Qatar’s public debt is receding and expected to come down to 55.6% of the country’s gross domestic product (GDP) by 2020, a new report has shown.
This year the country’s public debt will be 56.2% of the GDP and 56.3% next year, FocusEconomics has said in a report.
The economy “demonstrated strong resilience” in the final quarter of 2017 despite the ongoing economic blockade, with output expanding 1.8% in annual terms, just shy of the third quarter’s 1.9% rise, FocusEconomics said.
The fourth-quarter print “reflected a solid performance” from the non-hydrocarbon sector, particularly in construction-related activity, which more than offset a drop in production in extractive industries.
Moreover, the recently-released data suggests that momentum has been carried over into early 2018: industrial production continued to improve in annual terms in January while exports increased markedly in February on the back of higher hydrocarbon shipments, leading the trade surplus to expand at a rate of over 20% year-on-year.
“In addition, Qatar’s banking system remains in good shape, reflected in healthy capitalisation levels, stable private sector credit growth and the gradual return of non-resident deposits,” FocusEconomics said.
Qatar’s GDP is expected to total QR791bn by 2022 from QR641bn by end-2018, FocusEconomics said.
Next year, the GDP may exceed QR676bn, QR712bn in 2020 and QR750bn in 2021.
GDP per capita (in dollar terms) will exceed $77,121 in 2022 from $63,447 this year. Next year, it will be $66,033, $69,380 (2020) and $73,125 in 2021.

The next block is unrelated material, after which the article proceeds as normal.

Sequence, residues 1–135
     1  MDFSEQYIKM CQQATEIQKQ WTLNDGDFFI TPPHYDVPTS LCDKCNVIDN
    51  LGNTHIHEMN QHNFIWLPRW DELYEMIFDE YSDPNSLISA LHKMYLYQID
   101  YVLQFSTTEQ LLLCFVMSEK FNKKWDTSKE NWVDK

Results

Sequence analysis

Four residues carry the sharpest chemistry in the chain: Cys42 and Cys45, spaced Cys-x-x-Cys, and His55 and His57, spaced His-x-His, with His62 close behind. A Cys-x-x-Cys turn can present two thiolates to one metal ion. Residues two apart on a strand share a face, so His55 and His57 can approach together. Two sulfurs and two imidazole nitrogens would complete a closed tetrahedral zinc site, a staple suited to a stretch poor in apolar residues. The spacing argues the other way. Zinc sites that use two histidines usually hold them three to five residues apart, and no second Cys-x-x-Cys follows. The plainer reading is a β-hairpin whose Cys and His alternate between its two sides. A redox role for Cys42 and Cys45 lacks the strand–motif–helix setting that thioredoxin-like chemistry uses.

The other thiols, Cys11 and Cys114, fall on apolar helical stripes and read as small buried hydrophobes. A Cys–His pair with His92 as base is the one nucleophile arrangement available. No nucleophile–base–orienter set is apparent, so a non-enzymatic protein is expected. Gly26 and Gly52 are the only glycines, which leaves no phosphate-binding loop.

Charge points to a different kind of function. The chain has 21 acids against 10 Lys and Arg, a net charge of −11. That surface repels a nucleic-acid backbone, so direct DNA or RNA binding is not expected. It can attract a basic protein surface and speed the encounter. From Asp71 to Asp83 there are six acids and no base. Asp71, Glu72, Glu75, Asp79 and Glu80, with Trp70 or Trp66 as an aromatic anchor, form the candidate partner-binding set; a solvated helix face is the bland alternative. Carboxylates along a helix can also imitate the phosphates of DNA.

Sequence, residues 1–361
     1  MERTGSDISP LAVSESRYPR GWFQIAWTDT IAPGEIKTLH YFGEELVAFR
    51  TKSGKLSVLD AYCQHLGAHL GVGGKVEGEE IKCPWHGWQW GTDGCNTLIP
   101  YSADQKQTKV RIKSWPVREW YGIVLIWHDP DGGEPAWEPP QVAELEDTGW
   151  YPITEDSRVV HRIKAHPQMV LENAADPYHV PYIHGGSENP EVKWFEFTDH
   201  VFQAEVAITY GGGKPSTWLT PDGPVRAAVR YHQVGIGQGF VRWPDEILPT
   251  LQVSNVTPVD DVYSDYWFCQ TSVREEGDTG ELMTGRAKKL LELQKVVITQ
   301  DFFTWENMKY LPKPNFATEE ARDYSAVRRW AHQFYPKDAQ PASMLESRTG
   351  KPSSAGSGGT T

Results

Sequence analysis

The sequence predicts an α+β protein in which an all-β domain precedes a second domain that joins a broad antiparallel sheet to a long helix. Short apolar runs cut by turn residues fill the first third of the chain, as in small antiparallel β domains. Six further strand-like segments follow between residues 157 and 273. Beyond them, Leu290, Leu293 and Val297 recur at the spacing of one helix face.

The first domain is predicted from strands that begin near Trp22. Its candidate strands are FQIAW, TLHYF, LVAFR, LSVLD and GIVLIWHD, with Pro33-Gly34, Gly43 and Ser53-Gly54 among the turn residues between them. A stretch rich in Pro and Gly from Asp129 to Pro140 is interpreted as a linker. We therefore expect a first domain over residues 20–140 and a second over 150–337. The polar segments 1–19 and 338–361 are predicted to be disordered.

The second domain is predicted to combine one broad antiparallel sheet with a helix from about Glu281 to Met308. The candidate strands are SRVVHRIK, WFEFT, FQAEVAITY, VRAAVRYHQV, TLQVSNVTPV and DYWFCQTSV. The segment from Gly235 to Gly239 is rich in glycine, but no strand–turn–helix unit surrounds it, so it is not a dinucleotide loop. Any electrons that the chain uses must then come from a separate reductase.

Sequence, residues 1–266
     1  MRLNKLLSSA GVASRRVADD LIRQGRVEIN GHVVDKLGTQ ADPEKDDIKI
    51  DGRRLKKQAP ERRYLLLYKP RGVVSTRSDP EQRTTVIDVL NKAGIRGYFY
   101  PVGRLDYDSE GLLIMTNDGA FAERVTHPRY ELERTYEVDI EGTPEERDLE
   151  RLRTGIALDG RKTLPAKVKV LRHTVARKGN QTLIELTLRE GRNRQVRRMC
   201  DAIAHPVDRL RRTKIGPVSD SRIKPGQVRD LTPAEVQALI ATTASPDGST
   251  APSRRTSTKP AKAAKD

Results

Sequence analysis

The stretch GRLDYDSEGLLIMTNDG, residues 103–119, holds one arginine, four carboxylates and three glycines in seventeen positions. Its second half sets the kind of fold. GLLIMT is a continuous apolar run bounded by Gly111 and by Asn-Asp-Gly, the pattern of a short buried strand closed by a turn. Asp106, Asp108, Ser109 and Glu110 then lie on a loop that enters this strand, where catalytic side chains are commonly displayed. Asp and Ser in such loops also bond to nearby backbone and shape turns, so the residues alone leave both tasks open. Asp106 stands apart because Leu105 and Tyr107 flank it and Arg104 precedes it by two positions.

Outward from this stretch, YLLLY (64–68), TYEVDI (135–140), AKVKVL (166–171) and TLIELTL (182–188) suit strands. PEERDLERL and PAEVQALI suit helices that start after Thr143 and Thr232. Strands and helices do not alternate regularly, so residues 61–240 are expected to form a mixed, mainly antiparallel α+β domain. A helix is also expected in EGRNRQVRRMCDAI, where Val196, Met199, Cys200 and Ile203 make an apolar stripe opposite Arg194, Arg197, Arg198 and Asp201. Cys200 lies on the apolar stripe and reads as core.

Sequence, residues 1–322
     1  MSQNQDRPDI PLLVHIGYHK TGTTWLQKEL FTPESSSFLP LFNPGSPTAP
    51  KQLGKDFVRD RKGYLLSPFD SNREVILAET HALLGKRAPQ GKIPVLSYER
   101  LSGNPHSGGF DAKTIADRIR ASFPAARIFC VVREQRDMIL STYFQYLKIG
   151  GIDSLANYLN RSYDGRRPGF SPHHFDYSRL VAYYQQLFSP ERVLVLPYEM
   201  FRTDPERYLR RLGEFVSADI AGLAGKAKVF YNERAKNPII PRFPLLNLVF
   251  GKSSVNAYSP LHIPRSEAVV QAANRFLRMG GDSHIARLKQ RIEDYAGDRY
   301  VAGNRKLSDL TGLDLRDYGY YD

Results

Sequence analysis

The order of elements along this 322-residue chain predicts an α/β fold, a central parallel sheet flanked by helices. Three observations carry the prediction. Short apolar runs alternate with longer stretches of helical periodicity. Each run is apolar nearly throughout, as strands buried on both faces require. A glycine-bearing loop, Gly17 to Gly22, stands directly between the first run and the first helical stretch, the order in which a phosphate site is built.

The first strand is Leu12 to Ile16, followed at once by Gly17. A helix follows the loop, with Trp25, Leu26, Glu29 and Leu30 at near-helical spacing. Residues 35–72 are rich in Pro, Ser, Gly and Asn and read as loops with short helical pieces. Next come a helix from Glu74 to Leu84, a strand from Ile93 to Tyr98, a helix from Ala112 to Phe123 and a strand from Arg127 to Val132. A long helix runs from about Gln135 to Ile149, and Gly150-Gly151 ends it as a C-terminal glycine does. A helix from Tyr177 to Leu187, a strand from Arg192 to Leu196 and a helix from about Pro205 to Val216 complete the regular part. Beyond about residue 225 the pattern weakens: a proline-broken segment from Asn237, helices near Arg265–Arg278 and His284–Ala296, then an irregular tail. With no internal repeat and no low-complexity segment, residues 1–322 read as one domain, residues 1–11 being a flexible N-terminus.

FocusEconomics said Qatar’s inflation inched down to 0.8% in February from 0.9% in January. Its economists see inflation at 2.2% in 2018 and 2.6% in 2019.
“Rising oil prices and the government’s infrastructure investment push in preparation for the 2022 World Cup should prompt growth to accelerate this year. Nevertheless, the embargo will continue to weigh on the outlook,” FocusEconomics said.
The researcher forecasts Qatar’s growth of 2.9% in 2018, unchanged from last month’s projection, and 2.7% in 2019.
On Qatar’s strengths, FocusEconomics said the country is a “net creditor due to large stock of foreign assets. Qatar also holds the world’s third largest gas reserves.”
Currently, the country has very high sovereign ratings. Moody’s has rated Qatar Aa3, while S&P Global Ratings and Fitch Ratings have given Qatar ‘AA-'.
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